Joi Ito's conversation with the living web.

Just watching the news. The CEO of Life Live Door and 3 others have been arrested. The TV is flooded with this news.


All I can say that the moment is two things.

First, if Horie is convicted for this it's a pretty loud message that even Japanese young business people can't make waves in Japanese business. (Basically another nail being hammered down.) So there isn't really a chance for foreigners to believe they have a chance either.

Yes, I know that he if is convicted it will be because he was held accountable for the misconduct of his company and justly so. My question is would there have been the scrutiny if he hadn't tried so hard to shake up the market and apply non-Japanese business methods with foreign financing?

Secondly, it's remarkable in the news coverage that every previous reference to Horie, the anchor always mentioned him as Horie-Shacho (Company president Horie, a fairly honorific way to address a person by using their title). Now once he has been arrested, they refer to him as Horie-Yougisya (criminal suspect Horie). This is a fairly common practice in Japan but I think it's commentable that a white collar criminal suspect has the same title as murders. It just shows how seriously even indictment is in Japan; you are stripped of your respectful honorific title and lumped with the murders.

Joi, in light of Mr. Horie's fate, are you rethinking your practice of accepting directorships and other advisory positions for dozens of companies you don't know the first thing about? Looks good on the resume, I guess.

Rabbit: I don't accept directorships of companies I know nothing about and as you can see from my last post about personal guarantees, I take responsibility for those companies and people I decide to support.

Sunrunner: Yougisha simply means "suspect" so it is entirely appropriate.

I think you should look at Horie's position before you blame the system for his situation (and compound it with the nail-hammered-down cliche or the accusations of racism). Irrespective of his ability to gain positive PR, as the head of a public company he has a basic responsibility not to mislead investors.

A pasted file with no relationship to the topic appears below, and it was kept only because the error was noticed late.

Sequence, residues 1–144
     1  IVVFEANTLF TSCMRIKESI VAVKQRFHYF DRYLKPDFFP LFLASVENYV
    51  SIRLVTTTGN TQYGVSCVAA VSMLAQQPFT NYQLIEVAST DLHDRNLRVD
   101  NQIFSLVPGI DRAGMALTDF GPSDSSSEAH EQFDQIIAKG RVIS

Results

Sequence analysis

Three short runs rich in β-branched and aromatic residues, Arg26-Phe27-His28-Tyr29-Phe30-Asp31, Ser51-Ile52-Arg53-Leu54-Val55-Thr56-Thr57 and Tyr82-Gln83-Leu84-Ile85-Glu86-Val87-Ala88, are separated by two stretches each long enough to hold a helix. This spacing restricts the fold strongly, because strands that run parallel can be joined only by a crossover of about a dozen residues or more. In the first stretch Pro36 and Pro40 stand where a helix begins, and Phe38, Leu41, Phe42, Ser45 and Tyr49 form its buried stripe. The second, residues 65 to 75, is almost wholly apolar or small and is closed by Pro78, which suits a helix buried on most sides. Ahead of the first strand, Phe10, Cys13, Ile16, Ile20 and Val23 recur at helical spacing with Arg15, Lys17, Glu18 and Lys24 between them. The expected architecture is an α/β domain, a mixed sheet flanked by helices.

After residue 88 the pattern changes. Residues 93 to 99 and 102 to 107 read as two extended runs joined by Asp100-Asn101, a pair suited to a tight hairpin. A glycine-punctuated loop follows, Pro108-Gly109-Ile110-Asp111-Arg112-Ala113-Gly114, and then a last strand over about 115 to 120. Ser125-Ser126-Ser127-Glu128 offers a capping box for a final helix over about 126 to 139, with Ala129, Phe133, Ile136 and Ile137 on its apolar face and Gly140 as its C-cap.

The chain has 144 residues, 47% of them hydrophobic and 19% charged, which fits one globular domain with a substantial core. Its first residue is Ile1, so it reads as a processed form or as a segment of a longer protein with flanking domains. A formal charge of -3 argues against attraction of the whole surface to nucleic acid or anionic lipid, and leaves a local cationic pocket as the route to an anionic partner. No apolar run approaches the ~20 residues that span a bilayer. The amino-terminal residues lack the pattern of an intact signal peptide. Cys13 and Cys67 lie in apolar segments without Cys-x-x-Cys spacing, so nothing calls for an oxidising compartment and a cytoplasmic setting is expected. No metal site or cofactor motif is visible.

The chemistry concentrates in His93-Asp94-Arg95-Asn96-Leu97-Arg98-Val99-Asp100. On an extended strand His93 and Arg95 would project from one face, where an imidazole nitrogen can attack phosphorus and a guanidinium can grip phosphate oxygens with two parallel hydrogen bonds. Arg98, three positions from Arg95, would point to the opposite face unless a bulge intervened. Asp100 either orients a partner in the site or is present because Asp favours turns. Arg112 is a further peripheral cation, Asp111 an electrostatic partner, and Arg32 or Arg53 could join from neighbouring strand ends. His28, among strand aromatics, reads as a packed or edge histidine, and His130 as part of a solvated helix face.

There are hundreds of foreign companies that are doing fine in Japan, many with foreign financing (Shinsei and Reneault/Nissan being but two examples) and many entreprenuers both inside and outside Japan who have shaken things up without resorting to misleading investors.

The message to would-be entrepeneurs is not that they shouldn't make waves, but that they should be wary of trying to fool the market.

Only Johnny's Jimusho members are not called yougisha by the media. They are above legal constraints.

Jeremy, nice... what was it they used when Goro hit that policewoman with his car? "Inagaki-member"? What a joke...

As with Horie, you get the feeling that even though the public purported to love the guy, there is a certain level of jealousy that permeates Japanese public life, so they're even happier to see the guy fall.

Maybe it's offtopic, but i just wanted to say, that it's really interesting to read everything this with comments... You discuss here a lot of interesting things on different news =). Thanks for that =)

cam: Yeah, I think there is a lot of jeering and cheering going on right now at Horie. It's a bit disgusting.

This has been, in my mind, a very slow-moving trainwreck. Livedoor has created little-to-no value on it's own as a portal. Investors didn't see that- they only saw the numbers moving up by acquisition. They were blinded by the media hype that surrounded Horie and his almost daily appearances on national media.

Why Horie would think that any fraud would not be found is beyond me. To be so closely scrutinized by the national media and to be committing fraud is the most dangerous game of hide-and-seek to play. Why? Makes no sense.